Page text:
by Carol A Westbrook
When I finished my residency in 1980, I chose Medical Oncology as my specialty. I would treat patients with cancer.
I am often asked why I chose oncology. Many people fear cancer, and do not even like talking about it. How can you deal with all the pain and death, I am asked.
My answer is straightforward–it’s the patients. I enjoy working with cancer patients. They are some of the bravest people you will ever meet. And they are honest. There are no malingerers in cancer. When a cancer patient complains about a stomachache, headache, nausea, or worsening pain, you can be sure it’s real. It is so gratifying to me, as a doctor, to provide a patient some relief, some hope, and even, sometimes, a cure. And they all have a story to tell, if you take the time to listen.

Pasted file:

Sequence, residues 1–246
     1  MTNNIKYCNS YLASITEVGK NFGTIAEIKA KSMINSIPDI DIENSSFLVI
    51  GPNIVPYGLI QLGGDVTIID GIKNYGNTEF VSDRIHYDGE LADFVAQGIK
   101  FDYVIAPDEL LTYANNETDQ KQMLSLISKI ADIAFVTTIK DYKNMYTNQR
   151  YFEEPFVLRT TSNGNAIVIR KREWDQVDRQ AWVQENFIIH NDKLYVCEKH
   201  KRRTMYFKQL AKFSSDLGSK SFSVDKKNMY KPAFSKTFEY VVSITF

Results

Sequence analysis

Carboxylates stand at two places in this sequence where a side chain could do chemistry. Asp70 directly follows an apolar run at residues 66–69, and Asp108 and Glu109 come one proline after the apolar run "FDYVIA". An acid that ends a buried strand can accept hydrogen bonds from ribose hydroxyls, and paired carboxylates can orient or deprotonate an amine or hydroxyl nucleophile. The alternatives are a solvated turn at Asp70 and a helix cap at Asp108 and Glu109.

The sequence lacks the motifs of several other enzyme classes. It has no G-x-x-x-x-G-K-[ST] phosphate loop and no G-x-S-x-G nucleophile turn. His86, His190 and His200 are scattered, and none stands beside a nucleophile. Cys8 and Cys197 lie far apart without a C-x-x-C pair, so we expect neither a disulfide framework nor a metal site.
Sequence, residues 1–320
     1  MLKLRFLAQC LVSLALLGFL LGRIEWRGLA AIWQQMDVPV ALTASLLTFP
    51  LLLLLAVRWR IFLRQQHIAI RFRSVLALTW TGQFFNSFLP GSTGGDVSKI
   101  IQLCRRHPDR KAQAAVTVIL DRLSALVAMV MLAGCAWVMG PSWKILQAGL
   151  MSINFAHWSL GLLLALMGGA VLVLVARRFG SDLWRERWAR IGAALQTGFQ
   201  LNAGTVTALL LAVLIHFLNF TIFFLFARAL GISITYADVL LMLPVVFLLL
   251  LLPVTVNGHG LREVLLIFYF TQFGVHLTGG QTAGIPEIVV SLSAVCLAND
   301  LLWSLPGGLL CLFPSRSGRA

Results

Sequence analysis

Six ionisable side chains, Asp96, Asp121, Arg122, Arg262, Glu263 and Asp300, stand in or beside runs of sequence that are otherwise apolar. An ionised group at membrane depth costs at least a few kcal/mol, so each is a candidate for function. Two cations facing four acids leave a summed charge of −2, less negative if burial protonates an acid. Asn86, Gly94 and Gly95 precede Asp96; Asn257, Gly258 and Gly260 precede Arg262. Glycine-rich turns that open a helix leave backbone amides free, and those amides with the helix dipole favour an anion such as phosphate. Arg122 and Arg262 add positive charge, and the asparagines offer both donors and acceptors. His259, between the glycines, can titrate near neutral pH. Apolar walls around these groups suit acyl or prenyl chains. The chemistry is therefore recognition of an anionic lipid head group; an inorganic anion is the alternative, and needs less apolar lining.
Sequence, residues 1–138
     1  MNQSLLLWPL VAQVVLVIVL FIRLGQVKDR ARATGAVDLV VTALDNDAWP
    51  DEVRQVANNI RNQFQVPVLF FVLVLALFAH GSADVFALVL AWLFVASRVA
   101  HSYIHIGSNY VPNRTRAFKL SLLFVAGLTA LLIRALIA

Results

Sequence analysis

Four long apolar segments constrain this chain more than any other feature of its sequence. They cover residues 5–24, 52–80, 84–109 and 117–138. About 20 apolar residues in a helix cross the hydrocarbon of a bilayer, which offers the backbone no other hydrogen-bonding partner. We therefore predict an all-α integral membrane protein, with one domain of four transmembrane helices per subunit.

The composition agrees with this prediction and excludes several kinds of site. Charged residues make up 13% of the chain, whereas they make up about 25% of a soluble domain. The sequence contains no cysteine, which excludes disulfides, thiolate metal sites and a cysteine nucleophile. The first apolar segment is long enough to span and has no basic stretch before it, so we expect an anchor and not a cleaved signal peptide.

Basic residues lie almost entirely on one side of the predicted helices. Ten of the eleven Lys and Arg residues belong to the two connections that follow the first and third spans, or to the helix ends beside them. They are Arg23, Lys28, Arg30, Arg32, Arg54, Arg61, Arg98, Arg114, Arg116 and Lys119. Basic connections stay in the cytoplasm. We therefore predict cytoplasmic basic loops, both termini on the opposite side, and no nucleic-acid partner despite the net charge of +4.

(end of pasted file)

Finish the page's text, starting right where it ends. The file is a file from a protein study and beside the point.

And we had the time, back in those days. Medicine was not as rushed as it is today, in the race to get patients through the clinic visit quickly, as it is today. The clinic visits were often a half hour or more, because we oncologists took over the role as their internists, managing their diabetes, hypertension, depression, and just about any other problem that today would get referred to their primary care physician or a specialist. Read more »